As elections earlier this month made clear, voters still care a lot about health care. And chief among their concerns are exorbitantly high drug prices. The only point of disagreement is how to bring them down.
Oddly enough, however, conservatives and liberals might be closer on this issue than you expect.
One party is calling for price negotiations between the federal government and drug manufacturers; the other is calling for Medicare to unilaterally set prices. Which one is the Democratic proposal, and which one is Republican?
Counterintuitively, it is President Trump and Health and Human Services Secretary Alex Azar who have proposed federal price controls for drugs. Yes, that’s right: Republicans — the supposed champions of the free market — have proposed tying U.S. drug prices to those set by 16 foreign countries, what Trump and Azar dubbed an “international price index.”
Many of these countries have what conservatives dismiss as “socialistic” health-care systems. And in some of those countries, governments use cost-effectiveness calculations to set their drug prices.
Democrats, on the other hand, have long proposed empowering the federal government to negotiate Medicare Part D drug prices. Under a bill by Rep. Lloyd Doggett, D-Texas, that has secured 100 Democratic co-sponsors, if there is no agreement on a fair price, then pharmaceutical manufacturers receive no FDA marketing exclusivity and other manufacturers can immediately market generic versions of the drug.
These are two very different approaches, but they share the same principle: The government needs to play a big role in regulating drug prices.
A cynic might say the Republican proposal is only crass political pandering, given that it was unveiled less than two weeks before the midterm elections. In the 2016 campaign, Trump promised to do something about drug prices, and two years later, not much has changed. Prices for all brand-name drugs increased 8 percent in the first year of Trump’s presidency — more than four times the rate of inflation and twice the rate of other health-care increases.
Washington insiders will further note that the administration’s proposal was not a law or even a regulation. Rather, it was an arcane Washington procedure called an advance notice of proposed rulemaking — an announcement about the intention to introduce a regulation that solicits public feedback on the idea. In this case, the proposal suggested that Medicare run a five-year experiment from 2020 to 2025, with half the country paying controlled prices and half paying the usual amount to see which saves more money without undermining access to drugs. It also would apply only to a fraction of Medicare drugs: cancer chemotherapies, anti-inflammatory drugs and others administered by physicians in hospitals or their offices. The majority of all drugs would be unaffected.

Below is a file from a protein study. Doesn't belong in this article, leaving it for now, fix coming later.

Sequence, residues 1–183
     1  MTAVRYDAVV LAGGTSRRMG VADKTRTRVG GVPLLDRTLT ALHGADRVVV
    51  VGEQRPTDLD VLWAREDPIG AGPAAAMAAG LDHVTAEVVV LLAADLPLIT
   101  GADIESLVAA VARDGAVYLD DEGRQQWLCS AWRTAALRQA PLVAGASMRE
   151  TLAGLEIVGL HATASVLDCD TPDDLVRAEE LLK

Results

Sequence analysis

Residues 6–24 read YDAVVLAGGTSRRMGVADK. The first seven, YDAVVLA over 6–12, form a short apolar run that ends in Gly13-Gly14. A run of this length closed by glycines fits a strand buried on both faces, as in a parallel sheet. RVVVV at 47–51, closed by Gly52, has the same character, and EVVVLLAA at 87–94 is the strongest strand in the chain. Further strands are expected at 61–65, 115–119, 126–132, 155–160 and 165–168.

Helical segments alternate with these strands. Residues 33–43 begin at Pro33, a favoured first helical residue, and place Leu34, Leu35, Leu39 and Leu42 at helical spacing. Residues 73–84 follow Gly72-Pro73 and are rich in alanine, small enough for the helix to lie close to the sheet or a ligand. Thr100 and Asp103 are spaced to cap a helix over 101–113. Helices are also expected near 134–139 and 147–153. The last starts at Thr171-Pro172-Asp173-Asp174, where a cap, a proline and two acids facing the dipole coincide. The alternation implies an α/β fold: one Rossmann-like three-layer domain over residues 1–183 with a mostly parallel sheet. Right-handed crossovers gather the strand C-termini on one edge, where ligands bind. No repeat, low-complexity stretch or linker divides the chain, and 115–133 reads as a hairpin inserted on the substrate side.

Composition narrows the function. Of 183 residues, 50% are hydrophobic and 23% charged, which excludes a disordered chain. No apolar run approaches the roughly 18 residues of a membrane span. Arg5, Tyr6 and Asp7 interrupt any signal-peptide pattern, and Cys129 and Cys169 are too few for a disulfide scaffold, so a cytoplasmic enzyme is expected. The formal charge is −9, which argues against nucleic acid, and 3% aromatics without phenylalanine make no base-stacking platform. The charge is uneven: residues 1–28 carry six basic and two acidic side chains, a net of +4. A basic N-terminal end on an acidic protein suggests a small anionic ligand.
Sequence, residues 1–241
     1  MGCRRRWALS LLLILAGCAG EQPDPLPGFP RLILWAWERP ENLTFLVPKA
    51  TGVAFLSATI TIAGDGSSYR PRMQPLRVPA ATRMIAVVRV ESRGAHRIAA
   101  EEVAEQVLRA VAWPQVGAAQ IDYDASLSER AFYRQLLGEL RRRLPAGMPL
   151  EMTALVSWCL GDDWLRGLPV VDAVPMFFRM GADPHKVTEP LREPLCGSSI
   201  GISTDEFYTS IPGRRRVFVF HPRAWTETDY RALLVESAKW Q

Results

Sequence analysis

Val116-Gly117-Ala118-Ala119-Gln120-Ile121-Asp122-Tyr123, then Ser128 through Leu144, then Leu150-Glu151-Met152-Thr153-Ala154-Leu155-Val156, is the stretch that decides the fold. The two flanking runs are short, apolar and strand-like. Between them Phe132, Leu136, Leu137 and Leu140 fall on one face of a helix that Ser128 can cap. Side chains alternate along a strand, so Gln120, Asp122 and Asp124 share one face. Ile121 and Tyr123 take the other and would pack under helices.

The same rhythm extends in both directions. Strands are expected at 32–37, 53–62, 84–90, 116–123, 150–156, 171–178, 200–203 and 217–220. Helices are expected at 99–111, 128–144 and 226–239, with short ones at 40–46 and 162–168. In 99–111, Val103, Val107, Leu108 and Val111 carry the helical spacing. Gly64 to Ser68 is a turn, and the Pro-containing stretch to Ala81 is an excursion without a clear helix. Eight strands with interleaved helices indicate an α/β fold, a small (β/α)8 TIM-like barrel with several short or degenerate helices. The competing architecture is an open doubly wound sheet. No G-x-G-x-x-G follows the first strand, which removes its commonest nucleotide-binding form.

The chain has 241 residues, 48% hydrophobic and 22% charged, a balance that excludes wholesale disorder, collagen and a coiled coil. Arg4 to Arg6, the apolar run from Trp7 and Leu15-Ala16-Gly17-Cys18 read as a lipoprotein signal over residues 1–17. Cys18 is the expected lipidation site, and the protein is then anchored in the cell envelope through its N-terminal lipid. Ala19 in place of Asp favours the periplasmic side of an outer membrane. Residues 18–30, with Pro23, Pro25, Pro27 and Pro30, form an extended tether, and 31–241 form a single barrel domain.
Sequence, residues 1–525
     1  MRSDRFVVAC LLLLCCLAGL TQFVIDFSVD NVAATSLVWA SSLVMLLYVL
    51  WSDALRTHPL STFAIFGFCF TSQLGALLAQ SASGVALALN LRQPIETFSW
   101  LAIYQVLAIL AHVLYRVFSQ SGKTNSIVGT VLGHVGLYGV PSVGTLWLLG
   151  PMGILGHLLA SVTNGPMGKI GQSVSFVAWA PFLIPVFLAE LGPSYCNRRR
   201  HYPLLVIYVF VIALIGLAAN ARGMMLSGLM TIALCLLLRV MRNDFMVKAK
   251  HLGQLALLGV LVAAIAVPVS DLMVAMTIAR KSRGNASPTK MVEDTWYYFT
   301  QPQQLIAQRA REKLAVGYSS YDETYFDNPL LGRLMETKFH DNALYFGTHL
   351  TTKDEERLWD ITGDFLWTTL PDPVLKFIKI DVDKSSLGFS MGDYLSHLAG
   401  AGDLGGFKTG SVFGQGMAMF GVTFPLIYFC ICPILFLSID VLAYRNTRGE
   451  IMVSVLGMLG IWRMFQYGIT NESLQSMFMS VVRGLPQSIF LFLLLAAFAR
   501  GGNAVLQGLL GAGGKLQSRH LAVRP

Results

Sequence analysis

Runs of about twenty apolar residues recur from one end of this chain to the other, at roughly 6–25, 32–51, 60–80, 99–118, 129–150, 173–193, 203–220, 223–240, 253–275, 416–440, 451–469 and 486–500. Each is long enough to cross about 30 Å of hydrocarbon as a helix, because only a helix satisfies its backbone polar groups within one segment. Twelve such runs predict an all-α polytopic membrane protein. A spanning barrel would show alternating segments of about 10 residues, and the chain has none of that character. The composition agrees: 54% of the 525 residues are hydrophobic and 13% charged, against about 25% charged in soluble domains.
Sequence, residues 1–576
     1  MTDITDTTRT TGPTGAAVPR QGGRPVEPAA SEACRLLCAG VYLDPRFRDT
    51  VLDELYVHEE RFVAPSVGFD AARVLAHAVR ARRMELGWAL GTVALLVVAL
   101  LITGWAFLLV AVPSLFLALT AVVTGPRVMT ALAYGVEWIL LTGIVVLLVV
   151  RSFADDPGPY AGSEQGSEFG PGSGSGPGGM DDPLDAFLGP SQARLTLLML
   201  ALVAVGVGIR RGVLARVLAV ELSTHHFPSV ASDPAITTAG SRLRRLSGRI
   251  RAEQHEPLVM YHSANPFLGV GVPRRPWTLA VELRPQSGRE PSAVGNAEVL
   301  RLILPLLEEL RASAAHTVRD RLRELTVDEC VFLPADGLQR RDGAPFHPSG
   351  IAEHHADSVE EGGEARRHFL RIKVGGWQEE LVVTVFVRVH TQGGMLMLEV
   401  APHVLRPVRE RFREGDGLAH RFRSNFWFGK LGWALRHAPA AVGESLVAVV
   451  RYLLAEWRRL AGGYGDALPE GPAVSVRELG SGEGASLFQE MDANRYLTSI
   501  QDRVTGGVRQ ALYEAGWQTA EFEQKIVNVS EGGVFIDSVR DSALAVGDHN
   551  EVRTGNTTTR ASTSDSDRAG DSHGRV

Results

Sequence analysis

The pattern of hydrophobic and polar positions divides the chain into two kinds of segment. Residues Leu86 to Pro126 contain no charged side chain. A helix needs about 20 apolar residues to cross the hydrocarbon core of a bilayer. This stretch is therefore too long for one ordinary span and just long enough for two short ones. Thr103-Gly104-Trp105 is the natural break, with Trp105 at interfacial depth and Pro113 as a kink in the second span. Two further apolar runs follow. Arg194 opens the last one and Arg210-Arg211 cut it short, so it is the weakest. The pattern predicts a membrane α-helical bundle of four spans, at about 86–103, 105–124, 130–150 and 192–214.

An observant skeptic would say the Republican plan is designed to fail. Indeed, the Republican proposal is structured to enrage both drug companies and doctors — a sure way to kill the proposal before it is enacted.
But we should not embrace the cynic’s perspective too quickly. First, the Republican plan demonstrates that even conservatives are feeling pressure to regulate drug prices. The ideological challenge is how to regulate them.
Second, the Trump-Azar proposal also suggests that there is a growing consensus on including cost-effectiveness as part of determining fair drug prices.
Finally, the timing for regulation is sooner than most people think. Given that pharmaceutical manufacturers keep raising prices well above inflation and are poised to introduce treatments pushing a $1 million price tag, public anger is unlikely to abate. This will force the issue to the top of the 2020 campaign unless something meaningful is done sooner.
After the election, many in Washington will be searching for issues that a Democratic House, a Republican Senate and the White House can work on together. Although this policy seems like a desperate late-campaign ploy, it also signals something important: Drug pricing is one of those rare issues that animates both parties, suggesting a consensus might be possible. This is good news, not only for patients and taxpayers but also for our fractured political system.
Ezekiel Emanuel is chair of the Department of Medical Ethics and Health Policy at the University of Pennsylvania. This column first appeared in The Washington Post.